ALPINA ROOTAGE EVO HELMET REVIEW
Words by Robert Johnston | Photos by Adam Lievesley
Alpina is a German brand that has been producing helmets for bike and ski since 1992, and sports eyewear for even longer. With a focus on providing the “highest possible levels of protection” while offering trendsetting looks and high comfort, they’ve gained a strong following in continental Europe, and are looking to branch out to the rest of the World. We got hold of their Rootage EVO helmet from UK distributors Moore Large to put to the test on the trails of the UK and had a mixed bag of opinions. Read on to find out why.
The Rootage EVO was designed by Alpina to provide a half-shell helmet for trail and enduro through to bikepark riding, with the over-ear design providing improved coverage for side impacts compared with a conventional open face, and a fit designed to offer compatibility with a neck brace. The main protective duties are handled by a Hi-EPS (High Expanded Polystyrene) shell with microscopic air chambers to aid in impact absorption, and a multi-density EPP (Expanded Polypropylene) ear cover and rear of the helmet. The EPP portions are designed to offer multi-impact protection, ensuring smaller impacts won’t prevent the helmet from doing it’s job again and again. The Hi-EPS and EPP base is covered by Alpina’s Ceramic Shell – a polycarbonate outer plate that gives the helmet impact and scratch resistance as well as resistance to UV, which is bonded to the shell during the molding process. Further protection is provided to the base materials by the Edge Protect Polycarbonate shell, which wraps around the edges of the helmet to avoid any EPS being left vulnerable to damage.
The fit of the helmet is adjusted with Alpina’s Run System Ergo Flex adjuster, a dial system with fine adjustments to tailor the fit, and the 3D Fit system allows for the cradle to be adjusted between five positions to give the most comfortable and secure fit in addition. There’s a large, fixed Visor to direct air the optimum way into the ventilation ports, and enough room below to fit an action camera. On the chin is a unique Ergomatic slide-fit buckle, giving easy micro adjustment, and inside is a thick pad set to give a comfortable environment for your skull. Alpina’s most aggressive half-shell helmet tips the scales at 522g in the smaller of the two shell sizes. The Rootage EVO is offered in three subdued matt colorways, with two shell sizes to fit heads from 52cm to 61cm, and a retail price of £129.95/€159.95.
The Rootage EVO has a distinct “euro” look when you pull it out the box, with a huge in-your-face visor and some sleek lines all round. On the head it offers the typical over-the-ear feeling of security, with the mechanical grip around the ears helping to hold the helmet tight in place. The dial offers reasonably small increments between adjustment to get the fit dialed in comfortably, and the result is an exceptionally comfortable helmet for my average-shaped skull that sits on the upper end of the smaller 52-57cm shell size. On the trail, the comfortable notions continued, though the security of the fit didn’t prove to be quite so high with the assumed level of dial tension, requiring a slightly harder cinch down around the head to prevent it rocking forward on heavier impacts. At this tighter setting the helmet would begin to feel uncomfortable after long periods in the saddle, so I resorted to loosening the helmet a touch on the climbs and cranking it up for the descents, which proved to be a satisfactory solution, if not ideal. The Ergofit buckle does the job just fine but doesn’t match the ease of use or the refinement of our preferred Fidlock system.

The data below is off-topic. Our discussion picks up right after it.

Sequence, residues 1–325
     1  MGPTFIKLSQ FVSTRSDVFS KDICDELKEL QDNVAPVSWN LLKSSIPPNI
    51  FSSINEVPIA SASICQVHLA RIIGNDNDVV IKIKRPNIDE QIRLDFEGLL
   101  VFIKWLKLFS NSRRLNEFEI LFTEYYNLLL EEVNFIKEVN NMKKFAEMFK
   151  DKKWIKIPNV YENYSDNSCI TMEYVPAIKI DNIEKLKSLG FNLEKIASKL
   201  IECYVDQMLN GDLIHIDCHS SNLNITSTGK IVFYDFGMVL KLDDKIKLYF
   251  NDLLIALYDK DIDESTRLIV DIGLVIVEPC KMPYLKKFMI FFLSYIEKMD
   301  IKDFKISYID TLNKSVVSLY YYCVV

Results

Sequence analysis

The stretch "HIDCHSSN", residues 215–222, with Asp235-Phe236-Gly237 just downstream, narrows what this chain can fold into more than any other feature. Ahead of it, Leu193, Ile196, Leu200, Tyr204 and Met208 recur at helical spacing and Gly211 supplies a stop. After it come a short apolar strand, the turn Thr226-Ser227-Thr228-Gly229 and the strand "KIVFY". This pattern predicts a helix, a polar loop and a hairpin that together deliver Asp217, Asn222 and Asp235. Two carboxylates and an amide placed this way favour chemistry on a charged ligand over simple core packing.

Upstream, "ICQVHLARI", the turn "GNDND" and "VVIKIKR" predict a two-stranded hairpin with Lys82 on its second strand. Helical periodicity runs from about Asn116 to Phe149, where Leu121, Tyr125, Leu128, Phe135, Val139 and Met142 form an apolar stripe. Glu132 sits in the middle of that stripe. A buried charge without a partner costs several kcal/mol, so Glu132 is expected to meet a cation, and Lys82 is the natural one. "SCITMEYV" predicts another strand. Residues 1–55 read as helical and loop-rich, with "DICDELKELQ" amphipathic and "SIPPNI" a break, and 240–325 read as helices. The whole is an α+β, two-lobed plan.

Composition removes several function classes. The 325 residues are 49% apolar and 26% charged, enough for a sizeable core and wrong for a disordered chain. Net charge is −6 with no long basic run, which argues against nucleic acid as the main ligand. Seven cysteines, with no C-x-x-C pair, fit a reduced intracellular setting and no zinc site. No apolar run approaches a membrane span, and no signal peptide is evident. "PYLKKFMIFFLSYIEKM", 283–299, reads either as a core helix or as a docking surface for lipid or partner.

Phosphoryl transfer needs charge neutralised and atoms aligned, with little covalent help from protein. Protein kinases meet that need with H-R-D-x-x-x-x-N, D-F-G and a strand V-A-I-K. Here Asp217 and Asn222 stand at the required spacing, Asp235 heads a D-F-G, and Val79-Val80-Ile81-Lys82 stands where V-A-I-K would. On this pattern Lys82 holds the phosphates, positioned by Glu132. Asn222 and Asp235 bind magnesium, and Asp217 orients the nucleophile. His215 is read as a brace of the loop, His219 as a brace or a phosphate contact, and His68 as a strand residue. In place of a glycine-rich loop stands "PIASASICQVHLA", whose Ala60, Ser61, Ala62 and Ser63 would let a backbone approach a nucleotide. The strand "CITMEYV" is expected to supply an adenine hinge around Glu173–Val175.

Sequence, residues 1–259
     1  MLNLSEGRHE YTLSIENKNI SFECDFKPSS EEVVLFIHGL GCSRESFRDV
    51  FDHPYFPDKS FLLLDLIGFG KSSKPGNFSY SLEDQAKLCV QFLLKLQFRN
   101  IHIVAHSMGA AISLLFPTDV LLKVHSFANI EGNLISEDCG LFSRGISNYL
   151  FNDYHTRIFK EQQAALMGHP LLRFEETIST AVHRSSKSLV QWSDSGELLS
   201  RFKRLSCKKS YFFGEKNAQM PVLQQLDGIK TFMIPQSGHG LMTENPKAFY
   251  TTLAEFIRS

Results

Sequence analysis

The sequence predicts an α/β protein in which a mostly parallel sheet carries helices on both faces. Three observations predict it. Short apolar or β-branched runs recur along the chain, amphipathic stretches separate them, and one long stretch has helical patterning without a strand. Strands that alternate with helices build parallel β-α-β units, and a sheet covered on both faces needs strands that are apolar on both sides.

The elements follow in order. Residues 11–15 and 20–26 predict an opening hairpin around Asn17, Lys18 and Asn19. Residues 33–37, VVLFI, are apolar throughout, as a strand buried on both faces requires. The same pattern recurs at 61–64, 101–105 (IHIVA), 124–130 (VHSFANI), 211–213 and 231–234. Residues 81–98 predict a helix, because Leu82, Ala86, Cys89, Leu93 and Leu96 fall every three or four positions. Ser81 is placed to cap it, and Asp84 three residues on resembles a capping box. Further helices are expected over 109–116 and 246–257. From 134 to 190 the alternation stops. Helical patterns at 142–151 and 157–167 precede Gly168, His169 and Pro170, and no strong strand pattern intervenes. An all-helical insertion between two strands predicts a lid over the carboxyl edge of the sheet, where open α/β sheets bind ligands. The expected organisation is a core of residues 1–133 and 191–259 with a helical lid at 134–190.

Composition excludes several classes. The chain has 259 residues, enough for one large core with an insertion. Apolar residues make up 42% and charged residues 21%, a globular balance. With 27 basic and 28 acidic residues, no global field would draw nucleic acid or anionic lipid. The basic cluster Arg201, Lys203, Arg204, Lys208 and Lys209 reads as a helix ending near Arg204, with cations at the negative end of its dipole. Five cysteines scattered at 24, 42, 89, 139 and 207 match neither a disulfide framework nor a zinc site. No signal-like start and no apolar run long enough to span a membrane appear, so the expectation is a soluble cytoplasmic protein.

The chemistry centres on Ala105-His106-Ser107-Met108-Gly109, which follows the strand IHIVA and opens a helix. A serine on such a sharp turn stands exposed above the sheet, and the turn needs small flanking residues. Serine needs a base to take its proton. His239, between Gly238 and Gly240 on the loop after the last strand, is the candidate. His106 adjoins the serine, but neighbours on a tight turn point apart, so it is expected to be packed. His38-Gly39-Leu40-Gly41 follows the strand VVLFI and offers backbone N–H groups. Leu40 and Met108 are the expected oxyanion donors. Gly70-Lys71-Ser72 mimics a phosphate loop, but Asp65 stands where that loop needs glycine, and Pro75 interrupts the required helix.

Contrary to the bulky appearance, the over-ear fit gives the impression of a reasonable weight on the head, and the large ventilation ports in the front allow for a sufficient airflow to keep temperatures inside at a comfortable level. Though the ventilation feels reasonable on the head, when things inevitably heat up the thick front pad allows sweat to build up until it releases in a stream on a compression. I’ve been spoiled by the likes of the TLD A3, where the simple foam strip prevents this issue without detracting from the comfort in any way. The buildup of sweat in the thick padding proved to cause issues in the smell department too, where the Rootage EVO picked up a stench before many others would. The fixed visor is very sturdy on the helmet even though there are breakaway tabs, to the point of concern – I could envision the visor snagging in a crash and failing to detach, leading to some quite nasty neck tweaking. I suppose it’s a relief that the Rootage EVO is neck brace compatible, as you may need it, though I can’t imagine many running the open face and neck brace combo. The potential multi-impact protection offered by the EPP around the ears and on the rear could be useful for riders prone to low speed topples, but I’d suggest it encourages riders to risk reusing a helmet that should likely be thrown out, as it can be difficult to determine whether the single-hit EPS portion has been compromised at all. Sure, it doesn’t make the helmet any less safe for a single crash and it passes the minimum EN1078 standard, but it’s still a point of contention. Combining these factors with the lack of a rotational impact protection system, I’d have a hard time recommending the helmet to someone I love. It’s a good looking, comfortable helmet, but I’d rather opt for a model that feels to have a more safety-first approach to its design, personally.
The Wolf’s Last Word
The Alpina Rootage EVO looks great in my eyes, offers good coverage and feels comfortable on the head. However, there are some questionable choices made on the protective side of things, which would lead me to recommend other helmets first.